Teachers May Face Testing of Skills
Ohanian Comment: We can hope that North Dakota officials don't cave in.
Local educators said Friday they were upset the federal government may make North Dakota elementary teachers take a test to prove they are qualified.
"I'm mad," said Eric Henrickson, president of the Fargo Education Association and a third-grade teacher at Bennett Elementary.
"The state has some of the top test scores in the nation and now they're saying that's not good enough. I feel like I'm jumping through hoops."
Earlier this month, officials from the U.S. Department of Education determined the state's elementary teacher requirements don't meet those of "highly qualified" under the federal No Child Left Behind Act.
"We've worked with them (the Department of Education) since day one," said Janet Welk, executive director of the state Education Standards and Practices Board. "They told us we were on the right track."
With the support of other state education groups, the board plans to challenge the government's ruling, expected to be sent in writing at a later date.
In May 2003, the state licensing board completed guidelines for teachers to become highly qualified. Under No Child Left Behind, all teachers must meet the definition by the fall of 2006.
The board determined that if teachers had a college degree in elementary education and were licensed, they met the federal definition of highly qualified. Likewise, secondary teachers who majored in the subject they teach are highly qualified.
"Nobody had any reason to believe that wasn't logical and appropriate," said Nancy Jordheim, assistant superintendent for Fargo public schools.
But during a Dec. 1 visit, federal officials told the state that elementary teachers must prove competency in math, English and science, Welk said.
Teachers can do that by passing a content test, completing a portfolio, applying for certification by a national teachers board or pursuing an advanced degree in elementary education, she said.
The state already has a test for elementary school teachers that graduating students must take beginning in 2006. Current teachers could take that test to meet federal requirements.
"But we have difficulty asking our veteran teachers to take a test developed for new teachers," Welk said. "That's a slap in the face for a teacher who has been in the classroom for many, many years."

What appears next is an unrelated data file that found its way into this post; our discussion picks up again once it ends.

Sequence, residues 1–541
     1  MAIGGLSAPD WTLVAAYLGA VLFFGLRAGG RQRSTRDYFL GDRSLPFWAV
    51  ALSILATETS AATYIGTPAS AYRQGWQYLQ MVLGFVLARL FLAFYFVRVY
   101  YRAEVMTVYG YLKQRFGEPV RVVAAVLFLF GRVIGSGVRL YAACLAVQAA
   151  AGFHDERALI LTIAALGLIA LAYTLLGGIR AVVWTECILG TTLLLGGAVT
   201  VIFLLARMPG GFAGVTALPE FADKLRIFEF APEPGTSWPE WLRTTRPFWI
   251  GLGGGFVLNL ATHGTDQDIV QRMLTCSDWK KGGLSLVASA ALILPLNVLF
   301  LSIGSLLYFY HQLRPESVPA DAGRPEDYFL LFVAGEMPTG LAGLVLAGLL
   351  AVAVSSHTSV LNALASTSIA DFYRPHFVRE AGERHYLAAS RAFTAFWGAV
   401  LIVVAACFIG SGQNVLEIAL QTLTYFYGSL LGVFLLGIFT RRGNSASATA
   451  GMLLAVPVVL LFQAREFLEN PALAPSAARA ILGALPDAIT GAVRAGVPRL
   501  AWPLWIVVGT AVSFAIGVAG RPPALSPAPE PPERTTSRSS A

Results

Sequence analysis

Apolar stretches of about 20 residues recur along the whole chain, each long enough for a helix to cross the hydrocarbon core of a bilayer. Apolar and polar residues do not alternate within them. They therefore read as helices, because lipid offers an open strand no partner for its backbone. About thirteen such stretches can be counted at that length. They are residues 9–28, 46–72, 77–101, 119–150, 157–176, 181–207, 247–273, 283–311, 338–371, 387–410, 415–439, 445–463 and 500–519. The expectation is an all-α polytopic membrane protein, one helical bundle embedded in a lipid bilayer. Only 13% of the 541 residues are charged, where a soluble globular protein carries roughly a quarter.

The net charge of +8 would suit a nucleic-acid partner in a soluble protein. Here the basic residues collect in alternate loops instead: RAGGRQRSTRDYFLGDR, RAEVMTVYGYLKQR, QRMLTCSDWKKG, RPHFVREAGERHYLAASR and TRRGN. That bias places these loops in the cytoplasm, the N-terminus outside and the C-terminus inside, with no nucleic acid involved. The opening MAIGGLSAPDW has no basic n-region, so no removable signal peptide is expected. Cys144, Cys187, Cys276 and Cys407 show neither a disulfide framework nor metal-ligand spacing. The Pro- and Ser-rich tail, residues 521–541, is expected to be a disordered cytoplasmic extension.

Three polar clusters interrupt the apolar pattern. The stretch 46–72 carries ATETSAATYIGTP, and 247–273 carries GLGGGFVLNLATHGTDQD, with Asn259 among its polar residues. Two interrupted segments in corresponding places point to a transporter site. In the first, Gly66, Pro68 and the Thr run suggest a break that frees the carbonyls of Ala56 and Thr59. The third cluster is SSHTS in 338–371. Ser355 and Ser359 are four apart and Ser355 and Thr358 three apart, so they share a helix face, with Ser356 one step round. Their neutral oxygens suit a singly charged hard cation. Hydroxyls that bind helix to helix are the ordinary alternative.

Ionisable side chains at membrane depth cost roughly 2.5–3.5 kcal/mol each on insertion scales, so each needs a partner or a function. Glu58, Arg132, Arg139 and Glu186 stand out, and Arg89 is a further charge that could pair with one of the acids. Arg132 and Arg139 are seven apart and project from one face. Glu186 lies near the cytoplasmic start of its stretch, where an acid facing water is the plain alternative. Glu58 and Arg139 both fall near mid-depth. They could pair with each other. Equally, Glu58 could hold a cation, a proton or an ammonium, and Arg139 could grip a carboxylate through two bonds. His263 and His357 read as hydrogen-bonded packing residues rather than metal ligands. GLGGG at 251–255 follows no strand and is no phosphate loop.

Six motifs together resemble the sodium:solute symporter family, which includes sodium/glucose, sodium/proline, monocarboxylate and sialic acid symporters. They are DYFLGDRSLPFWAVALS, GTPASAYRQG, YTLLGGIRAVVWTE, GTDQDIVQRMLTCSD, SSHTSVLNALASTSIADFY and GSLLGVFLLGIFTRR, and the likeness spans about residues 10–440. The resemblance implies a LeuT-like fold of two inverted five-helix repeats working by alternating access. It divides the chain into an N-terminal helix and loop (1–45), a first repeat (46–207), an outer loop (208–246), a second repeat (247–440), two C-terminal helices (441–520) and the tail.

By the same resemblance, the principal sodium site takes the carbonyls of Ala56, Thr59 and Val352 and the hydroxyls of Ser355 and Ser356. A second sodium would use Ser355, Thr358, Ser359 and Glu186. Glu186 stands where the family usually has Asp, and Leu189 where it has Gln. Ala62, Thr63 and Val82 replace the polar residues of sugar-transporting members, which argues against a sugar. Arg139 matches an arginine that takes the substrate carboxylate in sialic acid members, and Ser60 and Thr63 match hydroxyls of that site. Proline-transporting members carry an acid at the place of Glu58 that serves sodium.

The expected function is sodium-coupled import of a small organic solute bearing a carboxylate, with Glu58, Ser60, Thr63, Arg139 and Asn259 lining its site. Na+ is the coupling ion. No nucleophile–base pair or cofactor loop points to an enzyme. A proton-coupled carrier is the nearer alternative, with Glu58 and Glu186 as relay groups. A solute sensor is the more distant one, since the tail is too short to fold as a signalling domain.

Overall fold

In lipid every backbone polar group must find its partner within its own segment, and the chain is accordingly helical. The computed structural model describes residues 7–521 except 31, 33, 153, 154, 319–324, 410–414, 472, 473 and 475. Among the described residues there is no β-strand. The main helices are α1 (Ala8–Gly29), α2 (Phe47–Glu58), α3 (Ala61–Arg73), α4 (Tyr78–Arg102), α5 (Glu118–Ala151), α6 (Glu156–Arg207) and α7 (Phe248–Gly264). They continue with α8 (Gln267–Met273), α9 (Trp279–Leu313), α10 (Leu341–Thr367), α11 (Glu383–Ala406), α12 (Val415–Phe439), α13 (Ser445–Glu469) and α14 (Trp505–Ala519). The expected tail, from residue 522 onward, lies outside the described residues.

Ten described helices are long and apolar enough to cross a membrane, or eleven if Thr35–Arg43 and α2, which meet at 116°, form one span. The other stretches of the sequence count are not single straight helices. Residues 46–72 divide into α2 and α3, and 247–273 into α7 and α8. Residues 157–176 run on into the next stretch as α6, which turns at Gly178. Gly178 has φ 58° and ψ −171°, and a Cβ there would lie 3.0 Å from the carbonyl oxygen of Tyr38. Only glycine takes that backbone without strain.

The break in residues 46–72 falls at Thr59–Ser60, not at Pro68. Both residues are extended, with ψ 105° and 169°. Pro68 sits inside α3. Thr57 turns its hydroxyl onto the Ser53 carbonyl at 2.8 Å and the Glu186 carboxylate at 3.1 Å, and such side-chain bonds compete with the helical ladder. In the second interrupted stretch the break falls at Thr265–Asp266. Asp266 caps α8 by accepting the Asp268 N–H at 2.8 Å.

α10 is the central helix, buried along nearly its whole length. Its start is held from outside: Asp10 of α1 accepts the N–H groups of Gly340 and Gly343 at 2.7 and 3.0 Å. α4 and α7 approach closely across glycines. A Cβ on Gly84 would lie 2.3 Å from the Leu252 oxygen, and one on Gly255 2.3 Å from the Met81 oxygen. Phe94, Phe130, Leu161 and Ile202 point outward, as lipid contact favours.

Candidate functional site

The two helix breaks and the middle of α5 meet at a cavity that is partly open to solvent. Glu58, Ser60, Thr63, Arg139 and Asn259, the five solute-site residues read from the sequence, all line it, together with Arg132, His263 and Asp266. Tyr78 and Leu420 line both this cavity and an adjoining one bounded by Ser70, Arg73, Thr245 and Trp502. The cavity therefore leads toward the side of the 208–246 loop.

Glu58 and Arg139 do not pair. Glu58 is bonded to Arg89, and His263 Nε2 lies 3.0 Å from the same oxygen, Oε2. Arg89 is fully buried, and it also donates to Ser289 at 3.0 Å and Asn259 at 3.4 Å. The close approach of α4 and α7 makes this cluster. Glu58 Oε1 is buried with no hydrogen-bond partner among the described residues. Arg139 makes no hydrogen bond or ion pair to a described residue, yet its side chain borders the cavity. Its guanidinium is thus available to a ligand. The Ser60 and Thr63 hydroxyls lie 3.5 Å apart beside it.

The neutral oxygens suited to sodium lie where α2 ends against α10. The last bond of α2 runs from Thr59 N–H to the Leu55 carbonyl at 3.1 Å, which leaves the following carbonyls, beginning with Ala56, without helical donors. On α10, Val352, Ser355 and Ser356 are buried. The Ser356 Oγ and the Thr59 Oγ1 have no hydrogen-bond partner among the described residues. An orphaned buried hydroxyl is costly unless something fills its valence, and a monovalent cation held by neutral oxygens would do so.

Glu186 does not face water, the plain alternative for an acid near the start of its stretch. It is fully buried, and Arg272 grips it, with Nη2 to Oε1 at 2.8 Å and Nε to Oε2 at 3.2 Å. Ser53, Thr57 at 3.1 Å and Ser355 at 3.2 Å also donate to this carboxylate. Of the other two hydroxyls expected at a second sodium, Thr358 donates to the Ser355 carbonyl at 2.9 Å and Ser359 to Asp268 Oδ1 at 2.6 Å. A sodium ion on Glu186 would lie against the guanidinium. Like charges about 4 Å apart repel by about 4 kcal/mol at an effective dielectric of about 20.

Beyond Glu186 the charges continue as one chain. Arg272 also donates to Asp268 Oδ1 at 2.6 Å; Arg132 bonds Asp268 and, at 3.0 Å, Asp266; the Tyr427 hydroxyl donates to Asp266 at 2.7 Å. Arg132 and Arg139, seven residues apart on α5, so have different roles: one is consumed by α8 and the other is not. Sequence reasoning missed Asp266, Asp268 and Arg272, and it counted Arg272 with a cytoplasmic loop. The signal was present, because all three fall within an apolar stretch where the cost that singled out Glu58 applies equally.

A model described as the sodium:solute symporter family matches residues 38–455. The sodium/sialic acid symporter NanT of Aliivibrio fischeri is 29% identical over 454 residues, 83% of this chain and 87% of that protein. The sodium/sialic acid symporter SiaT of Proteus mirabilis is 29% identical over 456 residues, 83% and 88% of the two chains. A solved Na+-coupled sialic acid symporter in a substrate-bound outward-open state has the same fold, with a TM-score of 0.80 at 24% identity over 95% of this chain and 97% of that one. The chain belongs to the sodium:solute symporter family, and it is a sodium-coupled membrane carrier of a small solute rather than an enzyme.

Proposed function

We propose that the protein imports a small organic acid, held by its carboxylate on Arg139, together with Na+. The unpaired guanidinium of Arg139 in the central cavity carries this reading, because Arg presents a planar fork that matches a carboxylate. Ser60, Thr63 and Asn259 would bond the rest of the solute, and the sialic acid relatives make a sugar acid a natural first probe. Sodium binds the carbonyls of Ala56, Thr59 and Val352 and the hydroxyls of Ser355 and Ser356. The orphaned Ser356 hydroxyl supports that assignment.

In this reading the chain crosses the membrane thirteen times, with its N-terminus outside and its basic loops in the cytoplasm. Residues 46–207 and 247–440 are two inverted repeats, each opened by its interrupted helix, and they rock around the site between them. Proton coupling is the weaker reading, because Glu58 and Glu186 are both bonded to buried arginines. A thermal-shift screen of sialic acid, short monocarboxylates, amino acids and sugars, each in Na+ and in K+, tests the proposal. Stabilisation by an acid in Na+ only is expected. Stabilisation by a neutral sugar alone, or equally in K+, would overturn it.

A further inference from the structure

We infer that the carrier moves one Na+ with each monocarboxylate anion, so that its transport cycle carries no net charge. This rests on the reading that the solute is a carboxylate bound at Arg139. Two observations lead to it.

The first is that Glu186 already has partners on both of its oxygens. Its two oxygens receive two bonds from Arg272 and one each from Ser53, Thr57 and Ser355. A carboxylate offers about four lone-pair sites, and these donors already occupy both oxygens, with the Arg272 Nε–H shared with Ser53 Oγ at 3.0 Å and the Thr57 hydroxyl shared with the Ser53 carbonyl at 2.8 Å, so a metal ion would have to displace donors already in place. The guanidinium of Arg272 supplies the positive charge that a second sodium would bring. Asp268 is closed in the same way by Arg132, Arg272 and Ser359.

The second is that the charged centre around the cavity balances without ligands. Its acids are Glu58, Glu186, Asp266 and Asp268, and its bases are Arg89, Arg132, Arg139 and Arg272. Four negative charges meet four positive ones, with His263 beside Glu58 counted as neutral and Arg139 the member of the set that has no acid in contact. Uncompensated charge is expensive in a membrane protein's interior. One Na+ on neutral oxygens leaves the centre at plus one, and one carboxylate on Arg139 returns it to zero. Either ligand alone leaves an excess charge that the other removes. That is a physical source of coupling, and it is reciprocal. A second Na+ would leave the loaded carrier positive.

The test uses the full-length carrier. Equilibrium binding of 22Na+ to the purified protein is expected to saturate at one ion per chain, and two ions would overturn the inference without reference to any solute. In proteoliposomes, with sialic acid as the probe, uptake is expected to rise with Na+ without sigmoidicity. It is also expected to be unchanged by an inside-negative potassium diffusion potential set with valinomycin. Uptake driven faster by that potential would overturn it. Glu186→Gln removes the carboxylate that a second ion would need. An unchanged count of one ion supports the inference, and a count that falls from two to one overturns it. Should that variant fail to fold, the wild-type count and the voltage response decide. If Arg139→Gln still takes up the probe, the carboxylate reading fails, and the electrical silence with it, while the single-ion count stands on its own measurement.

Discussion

U.S. Sen. Byron Dorgan, D-N.D., called Education Secretary Rod Paige on Friday to tell him the decision was "completely devoid of common sense."
North Dakota Department of Public Instruction officials said they weren't surprised by the ruling because the government's intent was made clear when the law was introduced three years ago.
During the last legislative session, DPI officials pushed state lawmakers to require teachers to demonstrate competency.
Despite challenging the federal ruling, Welk said the state licensing board will work to put the new requirements into place so teachers can still meet the 2006 deadline.
Many educators were unaware of the federal government's conclusion, discussed Thursday at a meeting of the licensing board.
Robin Hill, human resources director for West Fargo schools, said she thought teachers would be shocked to hear the decision.
"School districts will have to rally behind their teachers if it comes to fruition," she said. "We're down to the wire, and teachers still don't know what they need to do to be qualified."
Fargo teacher representative Henrickson said the ruling would affect morale and might discourage people from going into the profession.
In a statement to members of the North Dakota Education Association, president Gloria Lokken said she was disappointed by the federal government's decision.
"In this holiday season, our teachers should be shown appreciation and respect and not given a lump of coal for Christmas," she wrote.
Readers can reach Forum reporter Erin Hemme Froslie at (701) 241-5534. The Associated Press contributed to this story.
Erin Hemme Froslie
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